Dateline: April 19, 2012 – Okeechobee, Florida
What is it with Marty and alligators? He’s a great guy and a simply awesome fisherman, but we always seem to end up in some God-forsaken swamp, surrounded by alligators, which make me a lot more nervous than they make him. At least he always teaches me something about fishing.
So there I was in Miami after the IGFA Awards, and with his normal generosity, Marty Arostegui invited me to stay and go fishing for a few days.
Dr. Marty Arostegui scans the lake. No fish is safe from him.
This would basically be a three-day fishing clinic with me assigned to the small, folding desk. First off, my swivels are still just too darn big. Marty’s hardware was almost microscopic, but his Spro swivels were still plenty strong enough to handle fish. We also need to talk about circle hooks. I have never fully trusted them, because, well, they look funny. But they work, and not only do they hook up as well or better than J hooks in most cases, but they are also invariably in the corner of the fish’s mouth, which is better for all concerned. Putting hands into a shark’s mouth is almost always a bad idea, especially if they’re your hands.
Not that Marty was pushy about this. He merely gave his opinion when I asked, but this man has a whole lot more world records than I do and that didn’t happen by putting his hands in the wrong places.
But what to catch? As I mention often and balefully, I am running out of species to pursue in most major destinations, and South Florida is no exception. Still, Marty scrapes up a few ideas every time I visit, and the target this time was the Longnose Gar, which lives in, you guessed it, swamps. Our first swamp would be Lake Okeechobee. (From an old Seminole word meaning “swamp.”)
It was an early morning run up to Okeechobee, and the sunrise provided some scenery to what is otherwise a flat, straight drive. (All the excitement we needed was provided by a truck driver who barreled through a red light in front of us at 60 mph. That woke me up a lot more than a Red Bull. I should have sent the guy a bill for my underpants.)
I am also a big believer in having the best possible intelligence reports prior to hitting the water. Marty takes this to a different level. For our attempt at the Longnose Gar, he didn’t just know the lake or the launch area, he knew the specific lagoon – perhaps a football-field size spot in hundreds of square miles.
The swamp at dawn. Alligators were stirring and starting to look for their first tourist of the day.
Okeechobee was beautiful in the sunrise; quiet, isolated, and primitive. My bait was in the water approximately 15 seconds before I got the bite, and it would have been less if I hadn’t messed up my first cast. Gar are powerful fighters – not tuna-fast, but strong and uncooperative, but we finally got him into the net and added a species.
The Longnose Gar – species #1136.
Even the smaller Florida Gar has an impressive set of teeth.
Marty also knew that this lake held plenty of Spotted Sunfish, and as soon as the Gar bite slowed down, we trotted out the traditional bobbers and hit the secret spot. It took less than 10 seconds to get one – and they are certainly easy to spot, as, like you might guess, they have spots.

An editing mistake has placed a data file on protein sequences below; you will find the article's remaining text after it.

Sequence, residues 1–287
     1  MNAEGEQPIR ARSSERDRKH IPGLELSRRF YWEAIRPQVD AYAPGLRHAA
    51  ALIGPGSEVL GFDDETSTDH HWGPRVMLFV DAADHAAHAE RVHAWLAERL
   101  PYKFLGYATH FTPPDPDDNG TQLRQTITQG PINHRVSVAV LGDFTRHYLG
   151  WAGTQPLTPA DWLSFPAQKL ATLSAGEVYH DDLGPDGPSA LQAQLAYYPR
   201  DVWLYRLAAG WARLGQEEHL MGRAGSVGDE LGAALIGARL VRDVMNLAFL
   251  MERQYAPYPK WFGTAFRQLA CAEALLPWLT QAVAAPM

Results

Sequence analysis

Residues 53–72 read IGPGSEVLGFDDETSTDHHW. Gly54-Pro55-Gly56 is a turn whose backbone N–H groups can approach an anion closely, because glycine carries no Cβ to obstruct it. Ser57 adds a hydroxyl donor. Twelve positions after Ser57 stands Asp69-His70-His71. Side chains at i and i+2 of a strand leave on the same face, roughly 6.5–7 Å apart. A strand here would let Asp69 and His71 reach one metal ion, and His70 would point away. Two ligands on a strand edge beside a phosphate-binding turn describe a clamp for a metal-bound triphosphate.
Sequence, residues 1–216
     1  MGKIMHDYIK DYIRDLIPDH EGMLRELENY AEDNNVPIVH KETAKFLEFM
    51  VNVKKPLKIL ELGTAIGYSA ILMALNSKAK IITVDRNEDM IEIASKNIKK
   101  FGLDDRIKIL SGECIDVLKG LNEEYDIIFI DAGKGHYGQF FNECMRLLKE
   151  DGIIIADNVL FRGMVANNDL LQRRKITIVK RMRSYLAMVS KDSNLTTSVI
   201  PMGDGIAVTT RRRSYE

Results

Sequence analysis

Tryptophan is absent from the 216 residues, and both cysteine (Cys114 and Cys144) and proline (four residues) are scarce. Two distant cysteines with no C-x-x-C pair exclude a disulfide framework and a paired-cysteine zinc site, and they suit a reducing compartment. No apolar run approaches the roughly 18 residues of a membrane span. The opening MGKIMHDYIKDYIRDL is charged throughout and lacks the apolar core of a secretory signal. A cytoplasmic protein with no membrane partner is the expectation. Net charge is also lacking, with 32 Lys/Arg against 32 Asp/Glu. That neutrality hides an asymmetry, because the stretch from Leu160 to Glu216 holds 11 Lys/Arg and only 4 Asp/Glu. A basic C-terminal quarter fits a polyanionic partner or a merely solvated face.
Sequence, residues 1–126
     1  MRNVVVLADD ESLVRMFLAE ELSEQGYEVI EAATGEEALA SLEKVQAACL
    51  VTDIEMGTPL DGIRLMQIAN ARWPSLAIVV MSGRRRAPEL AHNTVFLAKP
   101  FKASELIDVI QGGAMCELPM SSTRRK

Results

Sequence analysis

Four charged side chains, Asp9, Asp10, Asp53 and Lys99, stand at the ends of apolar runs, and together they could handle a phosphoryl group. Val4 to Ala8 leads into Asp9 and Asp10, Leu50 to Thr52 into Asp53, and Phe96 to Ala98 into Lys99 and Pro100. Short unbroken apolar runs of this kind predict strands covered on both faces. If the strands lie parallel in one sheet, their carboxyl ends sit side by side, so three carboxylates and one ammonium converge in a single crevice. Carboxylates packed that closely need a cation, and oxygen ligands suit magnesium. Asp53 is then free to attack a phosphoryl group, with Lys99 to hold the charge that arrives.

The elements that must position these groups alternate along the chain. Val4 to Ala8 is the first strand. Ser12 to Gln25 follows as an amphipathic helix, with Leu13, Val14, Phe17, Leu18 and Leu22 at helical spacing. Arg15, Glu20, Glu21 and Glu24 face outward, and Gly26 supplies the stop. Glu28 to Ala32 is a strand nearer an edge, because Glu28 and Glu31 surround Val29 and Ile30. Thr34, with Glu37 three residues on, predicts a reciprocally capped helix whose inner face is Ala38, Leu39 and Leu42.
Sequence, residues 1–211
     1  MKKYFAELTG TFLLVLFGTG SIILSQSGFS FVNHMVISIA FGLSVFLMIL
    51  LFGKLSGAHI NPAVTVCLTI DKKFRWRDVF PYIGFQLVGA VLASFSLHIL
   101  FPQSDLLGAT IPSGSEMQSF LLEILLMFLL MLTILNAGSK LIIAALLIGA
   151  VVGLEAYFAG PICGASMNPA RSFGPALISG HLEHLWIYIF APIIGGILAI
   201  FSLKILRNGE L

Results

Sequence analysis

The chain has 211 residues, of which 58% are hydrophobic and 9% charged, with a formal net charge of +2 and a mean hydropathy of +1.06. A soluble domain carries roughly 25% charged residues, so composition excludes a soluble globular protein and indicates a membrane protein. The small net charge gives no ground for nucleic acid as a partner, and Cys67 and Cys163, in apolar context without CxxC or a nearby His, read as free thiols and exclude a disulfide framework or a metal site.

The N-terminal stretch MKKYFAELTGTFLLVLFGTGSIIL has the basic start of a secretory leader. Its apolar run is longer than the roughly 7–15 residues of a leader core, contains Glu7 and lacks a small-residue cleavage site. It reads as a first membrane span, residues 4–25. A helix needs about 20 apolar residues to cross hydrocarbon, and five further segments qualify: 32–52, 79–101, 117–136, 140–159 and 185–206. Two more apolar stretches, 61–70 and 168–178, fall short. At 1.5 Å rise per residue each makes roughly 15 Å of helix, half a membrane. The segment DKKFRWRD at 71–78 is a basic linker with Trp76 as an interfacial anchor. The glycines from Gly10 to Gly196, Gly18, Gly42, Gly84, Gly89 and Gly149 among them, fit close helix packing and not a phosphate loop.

Can you spot the Spotted Sunfish in this picture? I am told they get bigger.
Around this time, the alligators began showing up. This never seems to concern Marty, but I have visions of them coming onto the boat and attacking me, or at least stealing my burrito.
Breakfast and Lunch. This may qualify as UMF.
I always ask if we should move the boat, and Marty just smiles quietly. (See https://1000fish.wordpress.com/2011/03/27/cavorting-with-exotic-swamp-creatures/ for some background on this.)
While it wasn’t as big as the Bahamas MegaBarracuda, it was still big, very close to the boat, and seemed to have no fear. I love wildlife, but I love it best when it is scared of me.
This was not the only wildlife we saw – there were birds everywhere, running the spectrum of rarity and beauty from the lovely Purple Gallinule to the less attractive Southern Grouchy Bird.
The Purple Gallinule. It really is called that.
The Southern Grouchy Bird. OK, I made the name up, but the thing definitely was grouchy. These birds are often seen picking clean the skeletons of tourists once the alligators are done with them.
Because I can’t help myself, by the end of the day, I had whipped out some #24 hooks and was drifting a teeny bit of nightcrawler through the submerged brush, catching mostly teeny Bluegill. But I did get some minnow-looking things that I photographed and started investigating that night. They turned out to be Eastern Mosquitofish – thanks to Val Kells for the identification.
The Eastern Mosquitofish. Jaime has never caught this kind of Mosquitofish, and this will probably keep her up at night, seething with competitive rage. (See https://1000fish.wordpress.com/2010/06/21/the-countdown-to-1000-the-worst-little-girl-in-the-world/)
At dinner, we discussed plans for the next morning. Marty thought we should head to an even more God-forsaken swamp – Holiday Park. He said “I’m not sure you’ll find any new species, but it’s a chance for you to do some good in the world.” He went on to explain that we were going to try to load up a portable livewell with as many Bluegill and other native critters as we could catch, then drive them over to the IGFA and release them in the pond there. This would be done just in time for the IGFA kid’s fishing derby, held every year for disadvantaged children in the area. I figured this was worth a day of my time, although the idea of being savaged by alligators still concerned me.
It was another predawn trip over to Holiday Park, luckily not interrupted by any maniac truckers. We launched the boat, which ran a little slower with the heavy livewell in the middle, and headed off into the dawn.
This looks beautiful until you realize that there is an alligator every 12 yards or so.